The Metro-North commuter railroad is adding an extra express train from New Haven, Conn., to Grand Central Terminal on Friday afternoon, and extra cars to other trains departing New Haven for New York as well (and vice versa at the end of the night).

As of late Thursday afternoon, the cheapest single ticket available on StubHub for Friday’s regional semifinal doubleheader (also featuring Virginia versus Michigan State) was $594.05 -- for a bar-stool seat no less.

Ollie and Iowa State coach Fred Hoiberg, good friends and former teammates with the Chicago Bulls, have both played at the Garden many times.

“It’s special. I can’t say it’s not,” said Ollie, who later called it “the greatest arena alive for basketball.”

The Garden was the first thing Hoiberg brought up in his pregame news conference.

“I’ll start out just by saying how excited our team is to be out here in New York City,” he said. “Our guys get the opportunity to play at Madison Square Garden. I’ll never forget my first time here when the announcer comes on and says, ‘Welcome to Madison Square Garden, the world’s most famous arena.’”

Iowa State is used to playing in front of large crowds -- the Cyclones were ranked No. 22 in Division I home attendance this season, averaging 13,393 fans per game. But Ames, Iowa, is more than 1,000 miles away, and the Cyclones have played at the Garden only three times in school history, the last being an 84-81 loss to Rutgers in the semifinals of the 2004 NIT.

Heck, Iowa State forward Dustin Hogue, a native of nearby Yonkers, N.Y., had never even set foot in the Garden before Thursday’s open practice.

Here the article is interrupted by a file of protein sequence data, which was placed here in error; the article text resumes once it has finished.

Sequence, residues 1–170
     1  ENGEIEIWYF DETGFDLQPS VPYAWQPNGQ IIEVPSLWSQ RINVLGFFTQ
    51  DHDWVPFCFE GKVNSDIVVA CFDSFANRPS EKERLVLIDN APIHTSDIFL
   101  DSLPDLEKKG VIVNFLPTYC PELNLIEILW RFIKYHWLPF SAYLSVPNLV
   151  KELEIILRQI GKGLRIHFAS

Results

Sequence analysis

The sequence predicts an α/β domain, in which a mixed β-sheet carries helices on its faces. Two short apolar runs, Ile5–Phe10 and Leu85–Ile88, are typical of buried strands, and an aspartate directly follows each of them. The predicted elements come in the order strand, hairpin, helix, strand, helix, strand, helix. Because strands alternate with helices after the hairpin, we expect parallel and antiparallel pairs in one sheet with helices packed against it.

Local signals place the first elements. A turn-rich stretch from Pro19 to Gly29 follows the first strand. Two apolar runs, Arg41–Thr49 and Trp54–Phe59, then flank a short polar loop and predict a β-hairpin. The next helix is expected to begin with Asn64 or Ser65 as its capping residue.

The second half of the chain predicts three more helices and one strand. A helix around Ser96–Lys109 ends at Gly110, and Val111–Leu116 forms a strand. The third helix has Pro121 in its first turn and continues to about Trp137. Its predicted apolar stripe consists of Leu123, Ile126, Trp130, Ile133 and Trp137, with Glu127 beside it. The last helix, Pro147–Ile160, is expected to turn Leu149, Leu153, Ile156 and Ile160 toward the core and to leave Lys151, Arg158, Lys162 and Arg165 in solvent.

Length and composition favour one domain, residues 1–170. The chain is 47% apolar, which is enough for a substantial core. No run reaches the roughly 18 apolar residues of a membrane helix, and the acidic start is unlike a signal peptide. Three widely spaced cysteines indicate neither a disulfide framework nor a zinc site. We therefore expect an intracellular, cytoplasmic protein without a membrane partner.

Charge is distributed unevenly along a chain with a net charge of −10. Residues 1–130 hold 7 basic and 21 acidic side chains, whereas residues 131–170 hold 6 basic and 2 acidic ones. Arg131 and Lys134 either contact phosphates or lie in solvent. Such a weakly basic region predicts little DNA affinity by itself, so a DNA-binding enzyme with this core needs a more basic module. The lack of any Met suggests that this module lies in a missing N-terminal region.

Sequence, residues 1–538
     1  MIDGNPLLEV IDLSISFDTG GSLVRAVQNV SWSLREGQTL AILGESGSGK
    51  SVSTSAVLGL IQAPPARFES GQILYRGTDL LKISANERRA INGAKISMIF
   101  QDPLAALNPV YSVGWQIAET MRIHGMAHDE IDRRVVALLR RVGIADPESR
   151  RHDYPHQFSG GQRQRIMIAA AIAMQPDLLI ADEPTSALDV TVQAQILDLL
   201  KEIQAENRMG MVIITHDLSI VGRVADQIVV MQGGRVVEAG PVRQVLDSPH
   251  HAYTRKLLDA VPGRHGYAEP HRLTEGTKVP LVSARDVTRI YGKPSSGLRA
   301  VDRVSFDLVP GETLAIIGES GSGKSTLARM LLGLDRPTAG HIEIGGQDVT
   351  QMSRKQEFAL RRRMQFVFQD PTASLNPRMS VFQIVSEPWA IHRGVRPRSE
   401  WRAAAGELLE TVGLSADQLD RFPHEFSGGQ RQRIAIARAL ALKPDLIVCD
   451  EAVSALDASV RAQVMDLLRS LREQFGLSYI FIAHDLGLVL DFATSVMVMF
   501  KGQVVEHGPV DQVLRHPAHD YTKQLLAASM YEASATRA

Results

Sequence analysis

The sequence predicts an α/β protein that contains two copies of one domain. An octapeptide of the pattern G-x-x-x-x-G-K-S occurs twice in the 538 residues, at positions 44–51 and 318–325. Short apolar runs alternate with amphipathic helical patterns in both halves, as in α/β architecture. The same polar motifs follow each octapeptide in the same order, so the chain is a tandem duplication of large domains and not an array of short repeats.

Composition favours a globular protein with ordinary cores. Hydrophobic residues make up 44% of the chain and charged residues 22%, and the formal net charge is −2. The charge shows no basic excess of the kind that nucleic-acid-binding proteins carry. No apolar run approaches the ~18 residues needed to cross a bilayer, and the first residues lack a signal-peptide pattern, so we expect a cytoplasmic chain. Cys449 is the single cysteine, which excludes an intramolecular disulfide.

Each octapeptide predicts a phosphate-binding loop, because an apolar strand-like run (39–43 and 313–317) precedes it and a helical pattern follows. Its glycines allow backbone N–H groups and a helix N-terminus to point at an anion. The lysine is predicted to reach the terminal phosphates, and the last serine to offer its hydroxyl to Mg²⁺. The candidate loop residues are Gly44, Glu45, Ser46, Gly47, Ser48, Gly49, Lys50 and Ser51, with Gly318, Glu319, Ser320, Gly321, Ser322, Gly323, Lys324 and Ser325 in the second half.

Hoiberg admitted some concern. “To come out and experience this is just awesome for our guys,” he said. “[But] you try to get the ‘wow’ factor out of the way as quickly as possible, so they can focus on the task at hand.”

The Cyclones did look a little more like tourists than the Huskies did when they walked on the floor two hours later. Hogue asked someone to take a picture of him at center court. Reserve forward Daniel Edozie pointed up at the giant overhead scoreboard in apparent glee.

But Hoiberg sounded confident that come Friday night, his team will be good to go.

“That’s been my message to them -- enjoy this day, in a very casual setting to go out there and get used to the shooting background and the rims,” he said. “Then tomorrow it’s all about business.

“Once that thing goes up tomorrow at 7:27, our guys will be ready to play.”
SAN ANTONIO -- According to the venerable RPI metric, the Big 12 had the best conference in college basketball this season. As a result, the league put seven teams into the NCAA tournament, more than any other conference.

But whether the Big 12 was really deserving of its top-dog status will largely be determined by the two games Sunday in San Antonio.

[+] EnlargeShavon Shields
Ronald Martinez/Getty ImagesBaylor's athletic defense will have its hands full with Doug McDermott and Creighton.
First in the West Region, sixth-seeded Baylor will face off against the likely national player of the year in Creighton’s Doug McDermott. Then in the East, No. 3 seed Iowa State will take on one of college basketball’s bluebloods in North Carolina.

“We know that postseason is important for every conference,” Bears coach Scott Drew said. “Statistically, we were the No. 1 conference in the country. But now postseason it’s a new season.”

It’s also an opportunity for the Big 12 to confirm its distinction in two high-profile matchups. Especially following a lackluster start to the tournament elsewhere for the conference.

As a 5 seed, Oklahoma was knocked off by North Dakota State in overtime. Oklahoma State and Kansas State both fell in their 8-9 seed games to Gonzaga and Kentucky, respectively. Even regular-season champ Kansas struggled against No. 15 seed Eastern Kentucky, and even trailed with less than nine minutes to go in the second half.